Looking out my Backdoor: 'Riding Along in My Automobile'
Last updated 5/13/2021 at 10:05am
We Americans are so tethered to our cars. It’s as though there is an umbilical cord between our brains and the ignition switch.
When I first moved to Mexico, driving my vehicle stuffed to the roof with bare essentials, I lived in the fair-sized city of Mazatlan. In the first six months, I drove my van exactly one time. Public transportation in most of Mexico is good, easy and inexpensive.
I was there on a six-month tourist visa so my trusty van and I had to exit Mexico. On returning to Mazatlan, I patted my sweet long-time companion, shed a micro-tear, and left her in the care of a friend. Over the next six months, with our umbilical cord stretched the limit, I did some figuring.
It simply didn’t make sense on my extremely limited income (Ah, dumb decisions of my past!) to maintain a motor vehicle. So I arranged for a friend to take her, and she is still chugging merrily along. I have visitation rights. It was a good decision and I’ve no regrets.
When I moved from Mazatlan to Etzatlan, a pueblo, not a city, I found public transportation to be not so easy or diverse, yet adequate for my needs and wants.
Back in April, a year ago, my Montana Driver’s License expired. Due to surgery plus COVID, travel was out of the question. I’d already renewed online the one time allowed. There was not a thing I could do but watch my license expire. May it rest in peace. I would just have to take the whole test again whenever I returned. I felt my long-severed umbilical cord twang.
Oh, the uncounted hours, lying awake in the small hours of night, terrified of taking a driving test. Silly waste of my time. I’ve been licensed to drive in Montana, Utah, Oregon, Illinois and Washington, all in the days before reciprocal licensing agreements. I know how to take a test!
Additional night worries included, how could I rent a car? Should I even bother with a license; after all, I don’t own a car? What if a friend needed me to drive-share? None of those worries were yet applicable. But I worried them nonetheless.
Then the memories clicked in, memories of road trips throughout the northwest and into Canada. Memories with friends and memories of solitary trips. Memories of the times I veered off onto a side road simply to see where the road took me. What! No more road trips?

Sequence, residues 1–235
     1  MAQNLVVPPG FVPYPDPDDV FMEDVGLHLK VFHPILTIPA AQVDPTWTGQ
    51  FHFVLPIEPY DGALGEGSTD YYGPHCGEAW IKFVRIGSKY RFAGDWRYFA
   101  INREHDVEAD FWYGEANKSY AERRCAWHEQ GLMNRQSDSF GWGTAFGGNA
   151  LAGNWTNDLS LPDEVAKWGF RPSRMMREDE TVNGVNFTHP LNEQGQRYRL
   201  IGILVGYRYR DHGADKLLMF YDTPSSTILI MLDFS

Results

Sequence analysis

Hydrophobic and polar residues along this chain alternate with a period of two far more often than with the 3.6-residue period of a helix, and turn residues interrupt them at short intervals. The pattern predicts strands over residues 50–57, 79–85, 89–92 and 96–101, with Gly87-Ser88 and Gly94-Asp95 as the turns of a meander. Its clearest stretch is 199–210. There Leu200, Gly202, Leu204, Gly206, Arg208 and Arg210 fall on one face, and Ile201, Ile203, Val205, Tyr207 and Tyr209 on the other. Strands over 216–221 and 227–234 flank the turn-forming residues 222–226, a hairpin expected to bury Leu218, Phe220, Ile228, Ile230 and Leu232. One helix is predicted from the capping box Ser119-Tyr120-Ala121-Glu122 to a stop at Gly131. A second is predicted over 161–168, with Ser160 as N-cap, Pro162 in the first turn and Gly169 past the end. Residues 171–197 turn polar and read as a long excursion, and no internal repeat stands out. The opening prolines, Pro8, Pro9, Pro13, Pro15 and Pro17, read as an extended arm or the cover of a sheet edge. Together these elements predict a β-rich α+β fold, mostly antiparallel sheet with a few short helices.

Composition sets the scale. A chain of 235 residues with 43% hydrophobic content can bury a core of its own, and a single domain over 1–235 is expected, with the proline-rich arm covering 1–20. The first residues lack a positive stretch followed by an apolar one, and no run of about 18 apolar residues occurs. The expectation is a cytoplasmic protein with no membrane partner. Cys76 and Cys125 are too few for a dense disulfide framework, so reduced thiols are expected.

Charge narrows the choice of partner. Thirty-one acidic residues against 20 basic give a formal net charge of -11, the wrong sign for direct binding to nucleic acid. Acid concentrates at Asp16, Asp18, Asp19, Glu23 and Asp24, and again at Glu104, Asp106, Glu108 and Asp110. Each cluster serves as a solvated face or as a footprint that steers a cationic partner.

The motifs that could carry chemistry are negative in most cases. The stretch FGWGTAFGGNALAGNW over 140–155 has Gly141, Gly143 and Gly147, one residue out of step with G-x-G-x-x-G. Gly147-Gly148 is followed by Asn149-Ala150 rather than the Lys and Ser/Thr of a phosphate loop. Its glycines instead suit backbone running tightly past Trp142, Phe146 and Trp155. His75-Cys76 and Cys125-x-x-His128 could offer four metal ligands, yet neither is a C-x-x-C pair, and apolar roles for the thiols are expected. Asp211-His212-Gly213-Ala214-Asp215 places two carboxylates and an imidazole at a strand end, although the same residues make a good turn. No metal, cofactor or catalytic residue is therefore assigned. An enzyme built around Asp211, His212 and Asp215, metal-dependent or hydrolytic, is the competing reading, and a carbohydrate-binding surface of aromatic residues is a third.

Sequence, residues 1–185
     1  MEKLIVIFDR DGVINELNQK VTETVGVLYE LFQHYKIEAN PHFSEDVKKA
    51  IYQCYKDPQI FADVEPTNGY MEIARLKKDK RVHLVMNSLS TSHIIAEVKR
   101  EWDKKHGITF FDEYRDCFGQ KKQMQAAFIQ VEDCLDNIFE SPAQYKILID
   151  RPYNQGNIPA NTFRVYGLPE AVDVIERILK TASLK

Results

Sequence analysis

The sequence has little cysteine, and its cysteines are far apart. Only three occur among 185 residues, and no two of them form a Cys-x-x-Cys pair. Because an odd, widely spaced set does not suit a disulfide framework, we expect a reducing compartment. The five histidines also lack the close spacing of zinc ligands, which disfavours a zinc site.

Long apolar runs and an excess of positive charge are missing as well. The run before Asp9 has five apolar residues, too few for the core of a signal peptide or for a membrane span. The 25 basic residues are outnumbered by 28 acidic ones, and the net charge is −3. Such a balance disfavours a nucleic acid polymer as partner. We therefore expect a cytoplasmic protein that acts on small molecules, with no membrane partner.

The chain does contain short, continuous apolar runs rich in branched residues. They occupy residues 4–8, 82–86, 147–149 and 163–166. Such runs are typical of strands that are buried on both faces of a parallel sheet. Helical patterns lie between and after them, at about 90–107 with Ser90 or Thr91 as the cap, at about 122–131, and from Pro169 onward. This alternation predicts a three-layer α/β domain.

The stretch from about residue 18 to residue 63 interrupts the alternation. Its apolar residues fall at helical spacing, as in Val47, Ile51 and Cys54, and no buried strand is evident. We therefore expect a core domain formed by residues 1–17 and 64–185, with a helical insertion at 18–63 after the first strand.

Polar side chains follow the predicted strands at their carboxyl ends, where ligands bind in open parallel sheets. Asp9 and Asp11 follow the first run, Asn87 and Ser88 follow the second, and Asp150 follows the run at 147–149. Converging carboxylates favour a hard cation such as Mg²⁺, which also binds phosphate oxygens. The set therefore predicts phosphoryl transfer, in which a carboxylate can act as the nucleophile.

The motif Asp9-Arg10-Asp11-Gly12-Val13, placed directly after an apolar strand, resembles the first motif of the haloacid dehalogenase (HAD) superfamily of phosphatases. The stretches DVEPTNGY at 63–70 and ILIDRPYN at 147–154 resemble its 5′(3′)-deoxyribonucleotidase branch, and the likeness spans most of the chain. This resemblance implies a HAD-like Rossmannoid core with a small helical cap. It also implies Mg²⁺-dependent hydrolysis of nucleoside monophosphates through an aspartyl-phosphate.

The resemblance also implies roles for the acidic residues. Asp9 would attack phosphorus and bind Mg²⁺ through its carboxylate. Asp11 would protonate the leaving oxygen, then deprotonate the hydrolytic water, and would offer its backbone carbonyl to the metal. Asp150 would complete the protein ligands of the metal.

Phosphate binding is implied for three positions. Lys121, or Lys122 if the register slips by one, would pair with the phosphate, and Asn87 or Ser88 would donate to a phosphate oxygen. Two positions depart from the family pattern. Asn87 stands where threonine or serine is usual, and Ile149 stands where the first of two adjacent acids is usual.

No more inspiration from Chuck Berry? No more “riding along in my automobile.” No more “cruising and playing the radio, with no particular place to go.”
Remember, during this year plus change of being without a license, I’ve not had the urge or need to get into a car and drive anywhere. That didn’t stop my head from making up dire stories in the middle of the night.
When a solution to my quandary walked around the corner, I immediately said “Yes, take me along.”
Michelle had arranged for our friend and gardener, Leo, to accompany her to the office in Ahualulco to apply for a license. Without hesitation, I jumped into the back seat, a clutch of paperwork in hand.
We arrived at 8:15 and were second in line waiting for the office door to open at 9. We were unaware of a back door, but no matter. At 9:15 we who were waiting were yet another form to fill out. We waited. Talked. Everybody in line was masked and respectful.
Once we were called into the office, we found the procedure to be quite similar to anywhere in the U.S. Paperwork, copies, signatures, photos, fingerprints. After a short wait in the inner courtyard, walking, stretching our legs, at nearly 11, our brand-shiny new licenses were printed and handed to us.
I nearly cried, my photo looked so good, well, un-criminal-like. My first thought was that I can now rent a car when I need one. I can drive wherever the urge takes me. I’m not dependent on public transportation in places there is none. I won’t need to rely on the good graces of friends and family. Woo-hoo! I can drive again.
We are a very small community here. By evening I had heard that Leo had told the few of us remaining that I now had my Mexican Driver’s License. He went on to speculate that now that I am vaccinated and have my License, perhaps next week, I might be talked into buying a car.
Leo obviously thinks in terms of “Driving Miss Daisy.” With himself as chauffer, he thinks we will explore all of Mexico. I’m not the only one who makes up stories!
Sondra Ashton grew up in Harlem but spent most of her adult life out of state. She returned to see the Hi-Line with a perspective of delight. After several years back in Harlem, Ashton is seeking new experiences in Etzatlan, Mexico. Once a Montanan, always. Read Ashton’s essays and other work at http://montanatumbleweed.blogspot.com/. Email [email protected]